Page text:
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Upcoming JCSDA Seminars
About JCSDA's Seminar Series
The JCSDA seminar series includes presentations on satellite observing
instruments, radiative transfer models for use in satellite data
assimilation, algorithms for deriving information on the Earth's
atmosphere, oceans, and land surface from satellite observations,
advances in data assimilation techniques, preparations for
assimilation of data from new satellite instruments, and impacts of
satellite data on weather and climate predictions. The seminars are
about 1 hour in duration (including discussion period) and are held
monthly, usually on the 3rd Wednesday of each month at 2 PM, and are
open to the public.
The audience for the seminars generally consists of remote sensing
researchers from NOAA/NESDIS, data assimilation experts and modelers
from NOAA/NCEP and NASA/Goddard Space Flight Center Global Modeling
and Assimilation Office, and students/faculty from the University of Maryland.
Slides for each presentation should be available for download in PDF
format on this page, the day before each talk.
Unless specifically noted otherwise, the contact for
the JCSDA seminar series is Kevin Garrett.
Reducing Model Bias in a High Alitude Forecast System
Presentation file posted here when available.
Wednesday, January 21, 2015 2:00 p.m. - 3:00 p.m. Conference Center, NOAA Center for Weather and Climate Prediction,5830 University Research Court, College Park, MD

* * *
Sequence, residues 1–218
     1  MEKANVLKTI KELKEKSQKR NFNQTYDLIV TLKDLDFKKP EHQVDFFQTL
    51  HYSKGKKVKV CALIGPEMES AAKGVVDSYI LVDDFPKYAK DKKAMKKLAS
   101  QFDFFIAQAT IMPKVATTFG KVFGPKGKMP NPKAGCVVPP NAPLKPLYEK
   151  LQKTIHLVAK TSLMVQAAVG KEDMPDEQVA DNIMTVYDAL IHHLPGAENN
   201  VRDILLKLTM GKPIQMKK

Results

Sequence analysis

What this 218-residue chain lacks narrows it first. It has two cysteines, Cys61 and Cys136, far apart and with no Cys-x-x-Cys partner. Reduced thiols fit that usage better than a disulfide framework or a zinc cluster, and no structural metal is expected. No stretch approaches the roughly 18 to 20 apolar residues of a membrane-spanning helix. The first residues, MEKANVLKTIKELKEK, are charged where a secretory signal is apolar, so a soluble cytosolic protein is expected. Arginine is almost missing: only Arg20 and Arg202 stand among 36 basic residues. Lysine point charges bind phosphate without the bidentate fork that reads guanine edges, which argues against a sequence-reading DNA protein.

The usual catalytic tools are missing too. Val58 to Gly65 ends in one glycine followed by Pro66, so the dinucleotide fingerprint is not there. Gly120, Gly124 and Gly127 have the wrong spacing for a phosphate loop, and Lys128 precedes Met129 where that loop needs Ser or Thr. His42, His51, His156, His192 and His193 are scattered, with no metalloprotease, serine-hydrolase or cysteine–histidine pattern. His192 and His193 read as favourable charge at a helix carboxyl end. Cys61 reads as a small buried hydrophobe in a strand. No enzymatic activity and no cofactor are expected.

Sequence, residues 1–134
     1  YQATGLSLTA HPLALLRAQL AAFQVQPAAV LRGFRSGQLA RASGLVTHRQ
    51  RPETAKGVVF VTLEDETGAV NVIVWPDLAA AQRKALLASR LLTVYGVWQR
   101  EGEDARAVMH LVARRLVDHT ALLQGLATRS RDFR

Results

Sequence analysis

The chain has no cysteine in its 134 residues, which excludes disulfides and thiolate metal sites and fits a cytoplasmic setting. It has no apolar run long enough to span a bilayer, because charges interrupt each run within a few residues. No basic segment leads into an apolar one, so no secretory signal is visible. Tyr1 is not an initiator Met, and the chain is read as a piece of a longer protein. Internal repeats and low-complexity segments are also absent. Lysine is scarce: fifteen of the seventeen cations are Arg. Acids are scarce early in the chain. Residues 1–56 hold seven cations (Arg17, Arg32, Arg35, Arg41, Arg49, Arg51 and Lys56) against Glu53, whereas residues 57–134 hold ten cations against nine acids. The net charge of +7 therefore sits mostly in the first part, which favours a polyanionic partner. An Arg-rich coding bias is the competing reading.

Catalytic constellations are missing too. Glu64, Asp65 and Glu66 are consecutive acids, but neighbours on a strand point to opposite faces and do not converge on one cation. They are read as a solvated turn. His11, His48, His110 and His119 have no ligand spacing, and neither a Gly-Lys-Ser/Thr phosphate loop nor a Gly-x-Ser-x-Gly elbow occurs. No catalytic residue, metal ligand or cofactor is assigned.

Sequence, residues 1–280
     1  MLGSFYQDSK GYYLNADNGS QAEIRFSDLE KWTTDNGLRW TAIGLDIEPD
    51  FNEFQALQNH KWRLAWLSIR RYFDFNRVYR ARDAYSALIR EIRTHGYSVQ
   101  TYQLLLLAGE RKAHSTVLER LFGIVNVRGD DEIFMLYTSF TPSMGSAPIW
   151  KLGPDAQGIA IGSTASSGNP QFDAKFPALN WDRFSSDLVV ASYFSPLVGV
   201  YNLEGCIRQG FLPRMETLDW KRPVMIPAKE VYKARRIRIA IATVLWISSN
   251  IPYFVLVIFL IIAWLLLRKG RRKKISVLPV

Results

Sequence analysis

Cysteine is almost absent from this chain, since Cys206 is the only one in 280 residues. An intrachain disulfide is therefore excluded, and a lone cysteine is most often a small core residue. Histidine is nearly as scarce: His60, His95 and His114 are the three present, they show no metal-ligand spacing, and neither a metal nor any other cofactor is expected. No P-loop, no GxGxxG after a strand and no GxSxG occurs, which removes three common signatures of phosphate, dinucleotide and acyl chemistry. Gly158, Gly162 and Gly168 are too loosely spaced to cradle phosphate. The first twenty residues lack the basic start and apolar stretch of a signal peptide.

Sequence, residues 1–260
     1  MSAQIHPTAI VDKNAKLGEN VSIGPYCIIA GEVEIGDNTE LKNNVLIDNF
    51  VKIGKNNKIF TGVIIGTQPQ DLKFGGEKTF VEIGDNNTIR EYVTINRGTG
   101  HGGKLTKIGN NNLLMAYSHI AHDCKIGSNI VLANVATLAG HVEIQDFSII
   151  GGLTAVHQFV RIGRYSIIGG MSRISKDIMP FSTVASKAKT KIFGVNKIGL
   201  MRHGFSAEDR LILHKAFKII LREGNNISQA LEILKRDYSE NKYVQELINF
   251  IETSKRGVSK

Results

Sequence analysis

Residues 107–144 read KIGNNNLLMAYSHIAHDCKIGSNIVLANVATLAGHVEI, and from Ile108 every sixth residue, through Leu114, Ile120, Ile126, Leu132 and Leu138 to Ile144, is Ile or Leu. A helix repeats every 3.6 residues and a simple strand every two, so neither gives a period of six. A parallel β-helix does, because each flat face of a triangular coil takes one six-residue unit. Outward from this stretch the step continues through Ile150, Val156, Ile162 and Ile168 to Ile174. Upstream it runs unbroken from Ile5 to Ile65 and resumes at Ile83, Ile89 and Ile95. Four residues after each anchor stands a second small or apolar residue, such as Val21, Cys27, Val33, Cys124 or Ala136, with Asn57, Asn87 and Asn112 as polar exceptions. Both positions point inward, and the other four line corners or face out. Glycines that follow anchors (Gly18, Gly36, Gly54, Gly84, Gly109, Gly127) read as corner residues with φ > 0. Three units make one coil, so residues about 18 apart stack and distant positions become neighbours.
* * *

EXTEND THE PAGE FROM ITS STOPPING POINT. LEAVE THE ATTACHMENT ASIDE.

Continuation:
A prototype high-altitude numerical weather prediction (NWP) and data assimilation (DA) system has
recently been developed based on the operational Navy Global Environmental Model (NAVGEM) that
can generate global synoptic meteorological analyses every 6 hours from the ground to the lower
thermosphere (~100 km altitude). In addition to assimilating operational meteorological observations in
the 0-50 km altitude range, this high-altitude version of NAVGEM can also assimilate temperature and
constituent measurements throughout the stratosphere and mesosphere obtained from satellite-based
instruments. This presentation will discuss changes in the forecast model introduced to improve model
accuracy and thus minimize bias at high altitudes. Results from this new system show how it can be
used to (1) provide improved initial conditions for stratosphere-resolving NWP and climate models; and
(2) investigate dynamical coupling between the troposphere, stratosphere, and mesosphere. A challenge
facing high-altitude NWP efforts is the scarcity of operational satellite observations above 50 km. The
importance of these types of observations for planned development of unified ground-to-space forecast
systems will also be discussed.
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